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A single shot percussion pocket pistol with German silver foliate engraved frame, steel octagonal barrel engraved with an early version of Rosier's markings. While such pistols were common for protection during the 1850s and 1860s, the majority of them are often of rather more rudimentary quality, and relatively few are marked by local gun dealers.
This item has an additional local association, with its inlaid silver escutcheon engraved 'Vic Carriage Co.' The Victorian Carriage Company had their workshops located at the western end of Melbourne, at 163 Collins Street West, near Spencer Street, during the 1860s.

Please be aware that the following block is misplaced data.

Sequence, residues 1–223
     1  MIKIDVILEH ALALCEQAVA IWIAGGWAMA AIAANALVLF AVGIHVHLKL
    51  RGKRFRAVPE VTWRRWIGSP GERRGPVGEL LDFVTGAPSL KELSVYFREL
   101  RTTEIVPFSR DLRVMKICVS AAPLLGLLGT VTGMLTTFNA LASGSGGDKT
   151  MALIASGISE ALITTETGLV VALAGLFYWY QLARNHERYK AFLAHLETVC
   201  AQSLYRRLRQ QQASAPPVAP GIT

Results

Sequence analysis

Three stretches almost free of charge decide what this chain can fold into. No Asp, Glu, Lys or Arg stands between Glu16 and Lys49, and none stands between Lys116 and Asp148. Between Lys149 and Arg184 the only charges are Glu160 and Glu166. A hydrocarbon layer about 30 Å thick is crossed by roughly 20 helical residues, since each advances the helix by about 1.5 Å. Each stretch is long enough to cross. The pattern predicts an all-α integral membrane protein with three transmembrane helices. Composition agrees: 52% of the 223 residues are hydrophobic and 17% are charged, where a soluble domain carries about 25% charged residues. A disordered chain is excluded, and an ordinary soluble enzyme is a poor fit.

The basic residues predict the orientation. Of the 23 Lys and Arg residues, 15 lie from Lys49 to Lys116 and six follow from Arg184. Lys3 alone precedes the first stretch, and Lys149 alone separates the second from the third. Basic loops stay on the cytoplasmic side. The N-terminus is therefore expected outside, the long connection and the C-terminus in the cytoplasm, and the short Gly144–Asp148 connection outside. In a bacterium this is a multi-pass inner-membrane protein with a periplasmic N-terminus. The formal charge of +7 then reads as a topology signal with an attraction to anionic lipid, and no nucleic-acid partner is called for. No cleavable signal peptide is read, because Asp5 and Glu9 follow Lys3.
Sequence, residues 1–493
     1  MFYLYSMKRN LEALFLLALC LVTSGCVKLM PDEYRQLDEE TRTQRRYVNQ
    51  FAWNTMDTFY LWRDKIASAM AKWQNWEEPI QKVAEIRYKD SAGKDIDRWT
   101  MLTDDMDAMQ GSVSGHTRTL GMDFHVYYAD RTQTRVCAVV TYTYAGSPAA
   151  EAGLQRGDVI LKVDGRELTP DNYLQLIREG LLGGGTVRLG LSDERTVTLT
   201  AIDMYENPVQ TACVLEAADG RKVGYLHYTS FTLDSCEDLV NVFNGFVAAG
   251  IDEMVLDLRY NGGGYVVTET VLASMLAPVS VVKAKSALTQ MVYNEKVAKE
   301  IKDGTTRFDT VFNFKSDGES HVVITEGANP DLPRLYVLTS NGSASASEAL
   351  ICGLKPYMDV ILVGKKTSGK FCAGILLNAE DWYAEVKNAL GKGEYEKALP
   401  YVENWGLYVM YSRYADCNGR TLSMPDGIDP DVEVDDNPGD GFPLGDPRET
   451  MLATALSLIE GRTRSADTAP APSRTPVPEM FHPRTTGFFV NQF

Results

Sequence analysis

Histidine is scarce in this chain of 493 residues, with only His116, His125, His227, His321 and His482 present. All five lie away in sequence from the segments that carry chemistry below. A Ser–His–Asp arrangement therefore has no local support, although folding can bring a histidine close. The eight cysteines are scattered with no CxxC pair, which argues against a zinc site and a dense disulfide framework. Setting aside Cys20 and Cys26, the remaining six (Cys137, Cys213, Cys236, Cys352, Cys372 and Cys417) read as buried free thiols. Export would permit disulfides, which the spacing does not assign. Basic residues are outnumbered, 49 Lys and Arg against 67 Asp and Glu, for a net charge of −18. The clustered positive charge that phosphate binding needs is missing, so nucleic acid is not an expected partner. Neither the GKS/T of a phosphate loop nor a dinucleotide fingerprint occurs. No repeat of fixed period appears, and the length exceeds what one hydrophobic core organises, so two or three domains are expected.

It is unusual that a regular workman would have not only acquired a higher grade of pistol, but would also have had their place of work engraved on it, suggesting that perhaps the item was owned by someone more intimately associated with the business.
One possible candidate is William Williams, a member of the Legislative Assembly for Latrobe Ward, and a coach and carriage builder, first at 91 Queen Street before moving to Collins Street West, who advertised in June 1866 that thereafter the business would be known as the Victorian Carriage Company. The business operated under Williams into the 1870s, though appears to have been sold and continued under this name at Punt Road, Windsor, from the mid 1870s onwards.
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